Partnerships between Novartis, patient groups, the NHS, and healthcare professionals have long contributed to better patient care and the progression of research. This commitment to partnership is at the heart of everything we do because we want to see the NHS be a sustainable health service not just for today but also for future generations.
These partnerships often take shape as ‘joint working’, where both the company and the NHS contribute financially and provide skills, knowledge and other resources towards a common goal. By pooling resources, joint working projects bring a collaborative approach to improving healthcare services and, ultimately, improving the standard of patient care.
A key focus of Novartis’ joint working is heart failure, which was identified as a sustainability challenge in the NHS Long Term Plan. In the UK, heart failure is a leading cause of hospital admissions in patients aged over 65 years, equating to 5% of all emergency admissions.1
This challenge for the NHS is on the increase, with hospital admissions due to heart failure projected to rise by 50% over the next 25 years.2 The prevalence of heart failure is rising, partly due to an ageing population and improved survival from other cardiovascular and chronic diseases, thus the costs associated with heart failure will continue to grow, compounding existing pressures on the NHS.3-5
Although heart failure has a poor prognosis, it is treatable and preventable.6 National or local guidelines stipulate which treatments are most appropriate and which healthcare teams to engage. Providing care in line with these guidelines can significantly improve patient outcomes such as survival and quality of life.3
To increase care in line with national or local guidelines in hospital-based heart failure services, joint working projects between Novartis and the NHS provide in-reach nurses. The roles of these in-reach nurses’ are to identify and triage undiagnosed heart failure patients at both acute medical receiving units and non-cardiology departments.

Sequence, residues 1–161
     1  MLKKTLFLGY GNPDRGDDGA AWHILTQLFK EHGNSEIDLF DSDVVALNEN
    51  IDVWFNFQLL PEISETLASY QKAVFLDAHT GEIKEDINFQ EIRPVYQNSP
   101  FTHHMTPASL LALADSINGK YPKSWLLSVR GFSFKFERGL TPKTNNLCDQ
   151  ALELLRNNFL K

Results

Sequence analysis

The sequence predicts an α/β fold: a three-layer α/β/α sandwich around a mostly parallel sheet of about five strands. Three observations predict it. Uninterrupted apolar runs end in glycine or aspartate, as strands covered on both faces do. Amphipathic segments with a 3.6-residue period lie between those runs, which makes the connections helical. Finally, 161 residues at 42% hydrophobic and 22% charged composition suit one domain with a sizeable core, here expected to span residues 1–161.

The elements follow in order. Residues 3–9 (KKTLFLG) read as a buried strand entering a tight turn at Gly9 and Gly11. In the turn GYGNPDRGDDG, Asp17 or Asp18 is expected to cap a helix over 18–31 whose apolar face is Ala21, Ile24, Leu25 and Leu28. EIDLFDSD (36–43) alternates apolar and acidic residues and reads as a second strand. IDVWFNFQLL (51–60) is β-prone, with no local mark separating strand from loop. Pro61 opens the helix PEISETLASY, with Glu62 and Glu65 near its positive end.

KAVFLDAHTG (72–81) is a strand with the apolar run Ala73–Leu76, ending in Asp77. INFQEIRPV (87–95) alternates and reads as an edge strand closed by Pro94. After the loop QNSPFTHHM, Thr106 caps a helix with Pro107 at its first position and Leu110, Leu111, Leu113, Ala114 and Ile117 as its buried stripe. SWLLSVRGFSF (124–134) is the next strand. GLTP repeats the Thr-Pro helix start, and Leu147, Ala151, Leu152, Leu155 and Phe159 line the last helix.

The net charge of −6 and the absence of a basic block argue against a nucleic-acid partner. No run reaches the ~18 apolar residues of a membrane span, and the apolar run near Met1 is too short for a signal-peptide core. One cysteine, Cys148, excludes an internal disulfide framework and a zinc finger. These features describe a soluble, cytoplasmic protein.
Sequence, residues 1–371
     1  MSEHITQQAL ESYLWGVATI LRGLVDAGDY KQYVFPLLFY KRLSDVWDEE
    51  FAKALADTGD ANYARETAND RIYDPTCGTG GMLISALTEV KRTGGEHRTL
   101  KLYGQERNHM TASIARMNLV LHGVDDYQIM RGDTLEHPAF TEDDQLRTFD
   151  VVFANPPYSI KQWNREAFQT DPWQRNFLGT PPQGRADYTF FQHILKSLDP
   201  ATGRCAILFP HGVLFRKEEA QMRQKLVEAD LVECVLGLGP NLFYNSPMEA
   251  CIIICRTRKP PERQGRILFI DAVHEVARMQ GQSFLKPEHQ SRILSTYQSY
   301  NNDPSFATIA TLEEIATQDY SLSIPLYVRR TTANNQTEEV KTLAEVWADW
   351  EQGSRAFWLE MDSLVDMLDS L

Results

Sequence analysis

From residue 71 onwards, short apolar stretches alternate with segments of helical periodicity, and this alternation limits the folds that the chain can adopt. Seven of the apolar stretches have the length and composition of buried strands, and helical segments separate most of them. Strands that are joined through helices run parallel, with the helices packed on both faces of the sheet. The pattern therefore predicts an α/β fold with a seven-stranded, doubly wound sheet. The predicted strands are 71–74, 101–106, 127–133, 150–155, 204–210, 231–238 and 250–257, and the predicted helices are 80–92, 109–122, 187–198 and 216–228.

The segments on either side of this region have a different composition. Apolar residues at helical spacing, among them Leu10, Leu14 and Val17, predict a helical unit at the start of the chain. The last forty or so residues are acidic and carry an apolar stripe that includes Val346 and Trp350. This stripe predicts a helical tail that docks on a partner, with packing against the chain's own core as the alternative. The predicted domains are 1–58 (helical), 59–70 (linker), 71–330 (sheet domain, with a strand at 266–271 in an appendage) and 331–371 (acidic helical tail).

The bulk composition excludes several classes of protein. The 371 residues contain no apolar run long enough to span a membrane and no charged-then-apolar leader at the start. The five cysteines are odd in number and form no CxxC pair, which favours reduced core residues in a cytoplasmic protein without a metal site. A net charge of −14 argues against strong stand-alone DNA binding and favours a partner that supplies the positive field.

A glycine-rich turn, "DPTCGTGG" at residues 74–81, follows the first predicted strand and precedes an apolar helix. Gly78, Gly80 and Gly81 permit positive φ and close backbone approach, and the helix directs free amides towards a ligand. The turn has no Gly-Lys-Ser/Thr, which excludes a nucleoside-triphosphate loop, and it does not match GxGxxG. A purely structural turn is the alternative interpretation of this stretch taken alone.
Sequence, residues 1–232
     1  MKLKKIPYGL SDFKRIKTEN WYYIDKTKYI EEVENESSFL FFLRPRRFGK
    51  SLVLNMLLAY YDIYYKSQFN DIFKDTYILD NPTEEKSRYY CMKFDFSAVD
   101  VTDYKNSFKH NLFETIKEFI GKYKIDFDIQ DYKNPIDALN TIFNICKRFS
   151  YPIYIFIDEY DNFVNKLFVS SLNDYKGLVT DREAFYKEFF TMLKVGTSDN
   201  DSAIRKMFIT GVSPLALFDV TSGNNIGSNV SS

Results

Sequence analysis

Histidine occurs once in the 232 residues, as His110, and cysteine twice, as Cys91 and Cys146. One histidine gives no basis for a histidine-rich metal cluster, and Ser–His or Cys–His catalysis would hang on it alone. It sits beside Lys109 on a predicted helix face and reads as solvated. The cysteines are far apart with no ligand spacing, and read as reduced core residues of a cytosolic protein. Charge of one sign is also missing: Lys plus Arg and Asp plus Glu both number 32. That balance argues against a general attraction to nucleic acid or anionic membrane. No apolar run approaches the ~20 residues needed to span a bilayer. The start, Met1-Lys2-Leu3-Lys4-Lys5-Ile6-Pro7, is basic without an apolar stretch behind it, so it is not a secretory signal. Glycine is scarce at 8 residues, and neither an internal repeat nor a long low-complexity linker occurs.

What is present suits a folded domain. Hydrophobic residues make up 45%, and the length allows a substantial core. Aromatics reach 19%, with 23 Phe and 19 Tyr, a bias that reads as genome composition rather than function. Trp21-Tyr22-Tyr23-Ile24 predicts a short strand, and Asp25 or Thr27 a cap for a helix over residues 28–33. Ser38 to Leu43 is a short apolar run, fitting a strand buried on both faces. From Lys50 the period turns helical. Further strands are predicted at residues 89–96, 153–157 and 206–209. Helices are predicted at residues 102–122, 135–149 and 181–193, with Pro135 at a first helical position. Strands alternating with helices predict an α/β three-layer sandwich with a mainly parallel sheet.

The patients identified are then referred to the relevant cardiology services to receive input from heart failure specialists. The nurses also coordinate the discharge of patients and liaise with community teams, including primary care GP practices, to ensure continuous care for heart failure patients after their discharge from hospital.
Overall, heart failure patients and their carers have an enhanced experience. Through improved referral to appropriate heart failure specialists, patients benefit from improved access to optimal diagnosis and treatment. The quality of care is maintained following discharge, with a discharge plan which engages the wider healthcare team.
By working together to find access solutions, partnerships such as these aim to transform the care given to patients. We share the NHS goal of improving treatment pathways and patient care, and firmly believe that greater collaboration with industry can support the NHS in meeting the healthcare challenges of the 21st century.
See how in-reach nurses are transforming patient care across the UK in our current joint working projects:
1. Cowie M, Anker S, Cleland J, et al. 2014. Improving care for patients with acute heart failure: before, during and after hospitalization. ESC Heart Failure 1(2): 110–45.
2. British Heart Foundation. 2015. An integrated approach to managing heart failure in the community.
3. National Institute for Health and Care Excellence. 2018. Chronic heart failure in adults: diagnosis and management. London: NICE.
4. Frankenstein L, Fröhlich H, Cleland J. 2015. Multidisciplinary approach for patients hospitalized with heart failure. Rev Esp Cardiol (Engl ed) 68(10): 885–91.
5. Savarese G, Lund LH. 2017. Global public health burden of heart failure. Card Fail Rev 3(1): 7–11.
6. Ponikowski P, Voors A, Anker S, et al. 2016. 2016 ESC Guidelines for the diagnosis and treatment of acute and chronic heart failure: The Task Force for the diagnosis and treatment of acute and chronic heart failure of the European Society of Cardiology (ESC). Eur Heart J 37(27): 2129–200.